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Stagnant funding hurts after-school programs, survey finds

Thuyen Hoang, 10, left, Nang Moon, 10, and Julianna Lopez, 8, "squish" the bag of liquid polymers to form a solid, bouncing ball at an after-school program at Garfield Elementary School in Oakland. (Photo by Liv Ames)

Thuyen Hoang, 10, left, Nang Moon, 10, and Julianna Lopez, 8, “squish” the bag of liquid polymers to form a solid, bouncing ball at an after-school program at Garfield Elementary School in Oakland. (Photo by Liv Ames)

Stagnant funding is making it difficult for after-school programs to retain and attract high-quality staff and is reducing the number of enrichment activities, such as field trips or arts programs, offered to low-income students, according to a survey released Monday by thePartnership for Children & Youth.

Many after-school programs for elementary and middle school students rely on California’sAfter School Education and Safety Program, which was implemented in 2006 to provide academic support, exercise and hands-on learning activities for students. The daily rate of $7.50 per student has not increased since then, partly because the law does not contain a cost-of-living adjustment.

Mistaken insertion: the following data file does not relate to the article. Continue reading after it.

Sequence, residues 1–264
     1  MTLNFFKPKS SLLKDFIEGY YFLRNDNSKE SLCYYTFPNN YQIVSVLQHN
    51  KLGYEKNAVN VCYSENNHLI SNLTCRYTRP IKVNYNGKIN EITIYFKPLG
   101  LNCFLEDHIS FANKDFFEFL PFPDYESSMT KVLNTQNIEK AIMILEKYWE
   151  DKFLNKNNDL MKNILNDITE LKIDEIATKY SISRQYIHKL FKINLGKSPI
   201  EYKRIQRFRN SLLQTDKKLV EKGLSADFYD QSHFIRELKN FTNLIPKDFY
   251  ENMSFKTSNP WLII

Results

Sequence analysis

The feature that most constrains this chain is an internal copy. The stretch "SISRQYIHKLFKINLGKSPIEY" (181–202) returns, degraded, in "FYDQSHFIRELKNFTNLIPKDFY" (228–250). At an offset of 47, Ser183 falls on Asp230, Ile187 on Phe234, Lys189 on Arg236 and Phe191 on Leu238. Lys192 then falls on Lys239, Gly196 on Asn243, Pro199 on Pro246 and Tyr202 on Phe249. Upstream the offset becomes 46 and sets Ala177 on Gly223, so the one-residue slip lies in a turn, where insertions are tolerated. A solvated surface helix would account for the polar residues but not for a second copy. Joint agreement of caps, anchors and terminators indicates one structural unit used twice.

Meanwhile, since 2006 the California Consumer Price Index has increased by more than 17 percent, and the state’s minimum wage is set to rise to $10 an hour next year. And many cities require employers to pay substantially more than $10 an hour as a minimum.

In addition, “there is a high-level of unmet need” for these programs, with 60 percent of those responding to the survey saying their programs had waiting lists, according to Jessica Gunderson, policy director for the Partnership for Children & Youth, a nonprofit based in Oakland that advocates for expanded learning programs.

Read the full story on EdSource.

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